Jerusalem, June 4, 2018
In a historic act that millions of Jews around the world have anxiously been awaiting for years, the Knesset yesterday dissolved the heretofore sacrosanct office of the Chief Rabbinate. Earlier in the day, the cabinet received a detailed report on the ongoing implementation of the revolutionary plan drafted nearly a decade ago to fully integrate the haredi community into the country’s military. Leaders from across the spectrum were unanimous in their optimism that the two moves would lead to an unprecedented Jewish renaissance and sense of unity.
AN INSTITUTION that existed in practice even before the establishment of the state, the Chief Rabbinate was empowered at the time of Israel’s independence as the supreme halachic authority for the country’s Jewish citizens. As such, for seven decades it exercised monolithic control over matters of marriage, divorce, conversion and burial even for those who had no wish for their lives to be subject to Jewish law.
Still, for generations, a silent majority of the public acquiesced to the monopoly enjoyed by the religious establishment. Many of the less observant bought into the myth that the only authentic Judaism was one which rigidly adhered to centuries-old interpretation of Jewish law, and accepted that Jewish continuity required submission to its conventions. Others simply couldn’t be bothered with waging a battle against a structure that in practical terms intruded on their lives only sporadically. All that began to change a few years ago.
The first significant crack in the broad acceptance of the institution came in the spring of 2008. It was then that the Supreme Rabbinic Court annulled thousands of conversions that had been authorized by the Conversion Administration headed by Rabbi Haim Druckman. The ruling gave tangible significance to a process that had long been under way: the wresting of control by the haredim of the rabbinic courts that had heretofore been in the hands of the more moderate national religious Zionists.
Prior to this decree, which met with public outrage, only the Reform and Conservative religious movements had been vocally engaged in lobbying to revamp the conversion process. Now they were joined by the modern Orthodox, whose own standards and authority were also under attack.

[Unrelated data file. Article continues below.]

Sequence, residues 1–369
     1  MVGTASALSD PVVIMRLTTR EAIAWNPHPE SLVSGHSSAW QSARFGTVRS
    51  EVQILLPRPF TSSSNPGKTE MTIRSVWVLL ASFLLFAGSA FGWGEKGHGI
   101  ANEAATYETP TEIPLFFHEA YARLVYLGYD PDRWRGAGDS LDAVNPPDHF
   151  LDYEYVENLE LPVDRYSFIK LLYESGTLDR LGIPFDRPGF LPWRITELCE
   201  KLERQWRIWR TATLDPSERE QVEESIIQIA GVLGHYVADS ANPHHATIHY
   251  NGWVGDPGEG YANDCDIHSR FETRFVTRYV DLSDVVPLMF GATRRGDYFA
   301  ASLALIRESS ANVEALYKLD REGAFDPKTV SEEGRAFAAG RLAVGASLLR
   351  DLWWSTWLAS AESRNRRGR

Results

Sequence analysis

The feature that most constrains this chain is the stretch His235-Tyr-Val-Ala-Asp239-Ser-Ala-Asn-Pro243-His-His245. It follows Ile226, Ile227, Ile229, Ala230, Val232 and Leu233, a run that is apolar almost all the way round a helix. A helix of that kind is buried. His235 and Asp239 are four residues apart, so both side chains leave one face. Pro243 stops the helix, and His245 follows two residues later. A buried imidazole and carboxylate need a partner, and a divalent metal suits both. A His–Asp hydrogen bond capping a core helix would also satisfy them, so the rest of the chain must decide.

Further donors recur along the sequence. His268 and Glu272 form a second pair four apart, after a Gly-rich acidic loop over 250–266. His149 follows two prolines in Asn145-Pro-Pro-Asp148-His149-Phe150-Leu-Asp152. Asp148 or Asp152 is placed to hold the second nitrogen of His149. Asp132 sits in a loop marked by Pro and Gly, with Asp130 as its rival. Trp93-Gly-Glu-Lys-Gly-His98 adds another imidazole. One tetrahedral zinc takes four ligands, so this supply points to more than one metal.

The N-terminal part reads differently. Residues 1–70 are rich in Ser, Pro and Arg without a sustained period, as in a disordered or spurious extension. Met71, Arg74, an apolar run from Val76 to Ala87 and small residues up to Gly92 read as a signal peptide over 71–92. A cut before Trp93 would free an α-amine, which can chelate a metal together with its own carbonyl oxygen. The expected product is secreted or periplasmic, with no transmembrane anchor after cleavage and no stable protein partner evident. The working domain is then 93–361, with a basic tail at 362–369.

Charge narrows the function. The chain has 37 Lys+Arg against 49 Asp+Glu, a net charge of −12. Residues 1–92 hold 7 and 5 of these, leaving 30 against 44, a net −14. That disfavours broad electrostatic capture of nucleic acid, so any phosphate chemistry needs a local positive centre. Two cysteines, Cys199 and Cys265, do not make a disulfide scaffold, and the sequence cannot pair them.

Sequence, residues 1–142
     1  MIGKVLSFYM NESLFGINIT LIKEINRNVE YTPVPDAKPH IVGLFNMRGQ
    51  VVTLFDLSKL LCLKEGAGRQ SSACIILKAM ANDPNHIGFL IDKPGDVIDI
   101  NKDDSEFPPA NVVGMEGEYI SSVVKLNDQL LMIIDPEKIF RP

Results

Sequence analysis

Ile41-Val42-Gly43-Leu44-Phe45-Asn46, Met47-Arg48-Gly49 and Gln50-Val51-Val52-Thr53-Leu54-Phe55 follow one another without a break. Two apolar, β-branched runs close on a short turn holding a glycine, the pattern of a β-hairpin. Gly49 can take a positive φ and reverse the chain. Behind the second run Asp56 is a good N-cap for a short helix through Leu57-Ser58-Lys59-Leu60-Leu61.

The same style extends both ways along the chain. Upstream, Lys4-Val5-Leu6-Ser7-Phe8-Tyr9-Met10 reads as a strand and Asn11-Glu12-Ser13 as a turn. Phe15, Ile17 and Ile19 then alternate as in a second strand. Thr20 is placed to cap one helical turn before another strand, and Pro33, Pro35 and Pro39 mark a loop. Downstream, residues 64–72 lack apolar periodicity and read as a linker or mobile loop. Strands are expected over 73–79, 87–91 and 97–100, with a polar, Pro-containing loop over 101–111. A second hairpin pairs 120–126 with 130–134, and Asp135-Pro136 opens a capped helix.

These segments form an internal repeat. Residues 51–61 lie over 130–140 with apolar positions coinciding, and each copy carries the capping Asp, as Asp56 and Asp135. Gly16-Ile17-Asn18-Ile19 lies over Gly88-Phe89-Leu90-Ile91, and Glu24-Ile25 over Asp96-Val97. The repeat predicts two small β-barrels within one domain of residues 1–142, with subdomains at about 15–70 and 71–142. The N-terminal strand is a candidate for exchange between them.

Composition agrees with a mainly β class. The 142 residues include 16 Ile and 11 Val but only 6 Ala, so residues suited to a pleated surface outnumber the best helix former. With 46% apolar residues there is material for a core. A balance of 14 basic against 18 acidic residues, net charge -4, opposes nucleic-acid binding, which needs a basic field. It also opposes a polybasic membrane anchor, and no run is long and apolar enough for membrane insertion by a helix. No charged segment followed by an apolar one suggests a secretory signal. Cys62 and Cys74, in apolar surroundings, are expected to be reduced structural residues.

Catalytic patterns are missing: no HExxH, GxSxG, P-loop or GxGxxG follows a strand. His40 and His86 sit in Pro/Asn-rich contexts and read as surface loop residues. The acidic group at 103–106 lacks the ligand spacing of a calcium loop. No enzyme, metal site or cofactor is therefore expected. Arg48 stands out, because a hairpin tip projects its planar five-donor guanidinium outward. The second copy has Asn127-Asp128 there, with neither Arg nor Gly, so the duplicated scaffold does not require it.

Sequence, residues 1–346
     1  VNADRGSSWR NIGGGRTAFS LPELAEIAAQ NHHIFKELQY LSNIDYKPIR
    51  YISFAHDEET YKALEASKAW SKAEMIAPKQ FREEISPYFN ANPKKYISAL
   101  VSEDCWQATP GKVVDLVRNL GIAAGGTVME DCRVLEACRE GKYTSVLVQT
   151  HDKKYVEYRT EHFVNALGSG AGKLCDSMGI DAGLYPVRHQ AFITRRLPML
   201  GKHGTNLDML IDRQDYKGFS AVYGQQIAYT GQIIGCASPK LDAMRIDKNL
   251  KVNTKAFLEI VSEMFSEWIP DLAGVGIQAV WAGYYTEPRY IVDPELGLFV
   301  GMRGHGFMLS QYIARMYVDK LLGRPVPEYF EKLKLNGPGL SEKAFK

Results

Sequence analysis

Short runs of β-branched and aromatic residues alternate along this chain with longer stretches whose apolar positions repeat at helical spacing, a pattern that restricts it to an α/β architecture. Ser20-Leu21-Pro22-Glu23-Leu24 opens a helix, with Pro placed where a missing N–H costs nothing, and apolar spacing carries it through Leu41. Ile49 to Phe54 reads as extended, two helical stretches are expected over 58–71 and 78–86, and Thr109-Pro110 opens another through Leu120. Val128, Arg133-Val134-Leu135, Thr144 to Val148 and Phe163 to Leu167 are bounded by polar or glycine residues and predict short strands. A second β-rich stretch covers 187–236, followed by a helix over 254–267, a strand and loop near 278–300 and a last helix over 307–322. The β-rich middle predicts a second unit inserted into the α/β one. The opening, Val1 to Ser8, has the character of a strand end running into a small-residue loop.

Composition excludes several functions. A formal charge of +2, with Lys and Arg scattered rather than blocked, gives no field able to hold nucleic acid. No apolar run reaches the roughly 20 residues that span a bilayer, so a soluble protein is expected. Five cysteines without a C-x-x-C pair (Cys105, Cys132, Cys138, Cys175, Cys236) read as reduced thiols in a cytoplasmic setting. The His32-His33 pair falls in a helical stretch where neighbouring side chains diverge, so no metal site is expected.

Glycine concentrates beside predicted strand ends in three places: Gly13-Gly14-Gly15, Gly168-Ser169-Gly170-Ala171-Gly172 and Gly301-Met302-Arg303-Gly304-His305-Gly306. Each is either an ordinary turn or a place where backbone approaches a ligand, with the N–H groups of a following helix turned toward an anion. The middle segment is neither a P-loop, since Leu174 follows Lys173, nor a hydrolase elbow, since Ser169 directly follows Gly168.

FAST FORWARD to the spring of 2010. On May 26, The Jerusalem Post ran a front-page headline “New rabbinate guidelines call for stringent review of marriage licenses.” Fresh directives had been issued by the Chief Rabbinate requiring anyone whose parents had not been married by a rabbinate-recognized cleric to appear before a rabbinical court to undergo a formal inquiry into the authenticity of his or her Judaism.
Without the option of civil marriage, the consequence of this draconian measure was that hundreds of thousands of Israelis – including innumerable immigrants – were no longer able to wed here. They joined the approximately 300,000 immigrants from the former Soviet Union and their 50,000 offspring who were required to serve in the IDF but not allowed to be buried in Jewish cemeteries. Half a million citizens of the Jewish state, who already felt themselves a part of the Jewish people, had been imprisoned in identity limbo, a condition they would inevitably pass on to their children. The writing was on the wall.
A major survey of a cross-section of Israel’s Jewish population was released at the time by Hiddush, an association promoting religious freedom. Among the findings: 70 percent opposed religious legislation, 68% wanted to reduce funding of yeshivot and 85% were against exempting yeshiva students from army service. Relating to the increasing polarization reflected in the poll, author Amos Oz warned that “the prime struggle is not between Left and Right, not between Ashkenazi and Sephardi, not even between the rich and the poor or between Jew and Arab. It’s the struggle between tolerance, open-mindedness and pluralism on the one hand and fanaticism and hatred on the other.”